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What percentage of toilets currently qualify under the specification?

The most recent list of toilets in the market shows approximately 249 models. There are currently more than 100 models, or about 40 percent, that might meet the HET specification.

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How does the specification ensure that these toilets will perform as expected?

The specification includes a performance requirement. A collaboration of U.S. and Canadian water utilities developed a flush performance test protocol called the Maximum Performance (MaP) testExit EPA Disclaimerto provide a uniform measure of toilet performance. Requirements for this test protocol have been included in the HET specification.

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How will EPA verify the testing?

Products will be independently certified by a third party to confirm that the product meets EPA criteria for efficiency and performance.

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Are toilets that meet the WaterSense specification more expensive than other toilets?

No. MaP testing results have shown no correlation between price and performance. Prices for toilets can range from less than $100 to more than $1,000. Much of the variability in price is due to style, not functional design. Toilets that could potentially bear the WaterSense label are currently in the low to middle range of about $200. There is a lot of competitive pressure on manufacturers to lower prices; therefore, it can be expected that as more toilets become certified, the average price should fall.

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Will the installation of HETs lead to drainline and sewer problems due to the reduced water flows?

Since the introduction of the 1.6 gallons per flush toilet in the early 1990s, questions have been raised about whether sufficient water exists to move solid wastes in the building drainlines and in the municipal sewer system. To date, there has been no evidence to show that waste transport problems occur because of the use of the original low-flow toilets. The introduction of HETs in the late 1990s precipitated the same concerns. As a result, a collaboration of water utilities sponsored a full laboratory study to address the issue. The drainline study, completed in 2004, concluded that HETs flushing with as little as 1 gallon provide sufficient water in residential applications to move the waste from the fixtures to the sewer.

With regard to municipal sewer lines, the transport of waste has not proven to be an issue of concern in those areas with a concentration of high-efficiency toilets. Supplementary wastewater flows from other end-uses are always sufficient to move solids through the system. Furthermore, some wastewater utilities are co-funding and sponsoring the toilet replacement programs and other water efficiency initiatives of the water utilities for the very purpose of reducing sewer flows to their treatment plants.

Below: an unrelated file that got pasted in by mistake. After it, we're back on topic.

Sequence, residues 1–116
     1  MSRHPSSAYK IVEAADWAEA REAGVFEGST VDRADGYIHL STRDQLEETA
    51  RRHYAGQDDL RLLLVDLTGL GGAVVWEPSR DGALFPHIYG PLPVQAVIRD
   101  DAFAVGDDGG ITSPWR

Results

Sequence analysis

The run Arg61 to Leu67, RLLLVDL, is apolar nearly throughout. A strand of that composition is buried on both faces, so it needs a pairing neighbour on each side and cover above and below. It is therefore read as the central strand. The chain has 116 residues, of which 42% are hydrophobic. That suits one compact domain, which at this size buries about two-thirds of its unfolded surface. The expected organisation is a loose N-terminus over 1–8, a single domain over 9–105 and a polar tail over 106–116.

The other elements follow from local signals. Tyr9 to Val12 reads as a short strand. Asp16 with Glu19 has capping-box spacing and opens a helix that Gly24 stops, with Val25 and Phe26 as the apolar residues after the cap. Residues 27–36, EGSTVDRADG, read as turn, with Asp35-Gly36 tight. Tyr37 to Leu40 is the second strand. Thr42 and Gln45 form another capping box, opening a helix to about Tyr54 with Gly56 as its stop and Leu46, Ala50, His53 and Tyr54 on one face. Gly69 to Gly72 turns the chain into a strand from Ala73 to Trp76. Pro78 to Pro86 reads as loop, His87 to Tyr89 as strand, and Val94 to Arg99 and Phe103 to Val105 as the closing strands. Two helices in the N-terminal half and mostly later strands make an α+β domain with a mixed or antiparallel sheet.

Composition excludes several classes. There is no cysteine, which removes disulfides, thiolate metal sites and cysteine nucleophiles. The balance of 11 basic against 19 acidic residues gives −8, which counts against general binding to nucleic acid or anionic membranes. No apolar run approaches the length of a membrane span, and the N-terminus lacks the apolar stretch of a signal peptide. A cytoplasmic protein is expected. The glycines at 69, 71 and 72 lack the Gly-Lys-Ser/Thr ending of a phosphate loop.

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High-Efficiency Bathroom Sink Faucet Questions

How was the final specification for high-efficiency faucets developed?

All WaterSense specifications are developed through a market research, technical review and stakeholder input process. In developing the specification, EPA collaborated with interested parties representing industry, water utilities, and water-efficiency advocacy groups. EPA industry and product research, as well the American Society of Mechanical Engineers (ASME) A112.18.1/Canadian Standards Association (CSA) B125.1 standard for Plumbing Supply Fittings, form the basis for the WaterSense bathroom sink faucet specification.

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What are the details of the specification?

The WaterSense specification sets the maximum flow rate of faucets and aerators at 1.5 gallons per minute (gpm), tested at a flowing pressure of 60 pounds per square inch (psi, common water pressure in most households). The specification also includes a minimum flow rate of 0.8 gpm, tested at a flowing pressure of 20 psi, to ensure performance across a variety of different household conditions.

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Who will certify that products meet the specification?

All WaterSense labeled, high-efficiency bathroom sink faucets and aerators must be tested and certified by an independent, EPA-approved licensed certifying body. Manufacturers can use the WaterSense label in conjunction with faucets and aerators that are certified by licensed product certifying bodies to conform to WaterSense criteria for both performance and efficiency. Only faucets and aerators that are certified through this process can bear the WaterSense label.

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What types of products can earn the WaterSense label under this specification?

Provided the products meet the WaterSense specification, bathroom sink faucets and aerators (or other faucet accessories, such as laminar flow devices) can be certified to meet EPA criteria and labeled under this specification. This specification applies to bathroom sink faucets or aerators intended for private use, such as in residences or in private restrooms in hotels and hospitals.